Remark 4.1. The point p moves on along a fixed line, but its velocity need not be
constant. The results in this section are valid as long as this motion along the line is such
that we are able to compute in constant time the first time when p reaches a specific point
on the line. For example, p’s position along the line could be a low-degree algebraic
function of time t .
Remark 4.2. We assume that p never collides with the boundary of P, i.e., p always
moves in the interior of P. In fact, while we are maintaining V . p/, it is straightforward
to detect such collisions.
Remark 4.3. Again, we make the general position assumption. That is, no three
vertices of P are collinear and p never moves on a line that passes through two polygon
vertices although it may cross such a line.
4.1. Combinatorial Changes of the Shortest-Path Tree
Instead of maintaining the visibility polygon, we maintain the shortest-path
decomposition of p. This is sufficient since, as we have noted, the visibility polygon is a cell in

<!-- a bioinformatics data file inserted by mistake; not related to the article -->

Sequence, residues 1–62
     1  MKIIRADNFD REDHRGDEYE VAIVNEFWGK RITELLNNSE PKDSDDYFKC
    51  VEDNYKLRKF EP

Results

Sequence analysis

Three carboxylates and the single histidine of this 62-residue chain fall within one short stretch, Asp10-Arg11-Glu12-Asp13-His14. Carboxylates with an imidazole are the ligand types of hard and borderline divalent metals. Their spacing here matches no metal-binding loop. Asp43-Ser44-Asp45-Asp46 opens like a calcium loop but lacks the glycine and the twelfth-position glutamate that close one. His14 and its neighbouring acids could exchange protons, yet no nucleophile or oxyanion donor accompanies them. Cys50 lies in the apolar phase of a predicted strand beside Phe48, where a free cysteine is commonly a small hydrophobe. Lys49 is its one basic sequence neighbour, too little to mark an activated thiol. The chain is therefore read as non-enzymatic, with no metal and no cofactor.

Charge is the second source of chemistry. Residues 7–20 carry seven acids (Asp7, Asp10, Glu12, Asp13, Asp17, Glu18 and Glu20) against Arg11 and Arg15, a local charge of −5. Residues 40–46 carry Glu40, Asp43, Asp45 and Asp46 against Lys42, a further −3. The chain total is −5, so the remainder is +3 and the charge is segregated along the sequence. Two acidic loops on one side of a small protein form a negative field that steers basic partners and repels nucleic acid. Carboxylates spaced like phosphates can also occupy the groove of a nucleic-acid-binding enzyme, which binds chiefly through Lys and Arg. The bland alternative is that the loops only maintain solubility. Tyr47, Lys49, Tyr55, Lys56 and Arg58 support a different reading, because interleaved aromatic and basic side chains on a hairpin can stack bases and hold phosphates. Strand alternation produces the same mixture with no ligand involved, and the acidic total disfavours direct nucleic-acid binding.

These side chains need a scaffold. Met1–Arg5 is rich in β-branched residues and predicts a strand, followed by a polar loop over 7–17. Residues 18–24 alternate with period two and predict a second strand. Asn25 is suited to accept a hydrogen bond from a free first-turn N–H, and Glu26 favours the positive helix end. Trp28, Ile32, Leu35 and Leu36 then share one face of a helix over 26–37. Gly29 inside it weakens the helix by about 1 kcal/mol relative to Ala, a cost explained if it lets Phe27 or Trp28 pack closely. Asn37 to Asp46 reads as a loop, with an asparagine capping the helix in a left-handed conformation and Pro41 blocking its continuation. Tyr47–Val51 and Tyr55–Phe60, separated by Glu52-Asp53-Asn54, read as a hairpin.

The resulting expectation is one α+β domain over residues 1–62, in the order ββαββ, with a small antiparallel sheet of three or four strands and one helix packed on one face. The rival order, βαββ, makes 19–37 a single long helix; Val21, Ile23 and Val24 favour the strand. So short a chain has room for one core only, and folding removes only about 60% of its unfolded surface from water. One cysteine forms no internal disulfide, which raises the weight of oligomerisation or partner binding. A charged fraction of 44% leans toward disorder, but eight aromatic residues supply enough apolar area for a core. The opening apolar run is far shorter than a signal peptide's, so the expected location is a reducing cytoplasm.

the shortest-path decomposition. Further, the shortest-path decomposition can be
easily obtained from the shortest-path tree by extending tree edges. We therefore reduce
the problem to the maintenance of the shortest-path tree. In the following we discuss
how to maintain the shortest-path tree. However, the shortest-path decomposition can be
maintained by the same method.
Recall that the shortest-path tree T . p/ is the tree rooted at p formed by taking the
union of the shortest paths from p to every vertex of P (Fig. 4). We show how to maintain
the shortest-path tree (resp. decomposition) and thus the visibility polygon. Define the
principal child vertex (edge) of a non-root node v of T . p/ to be the vertex w (resp. edge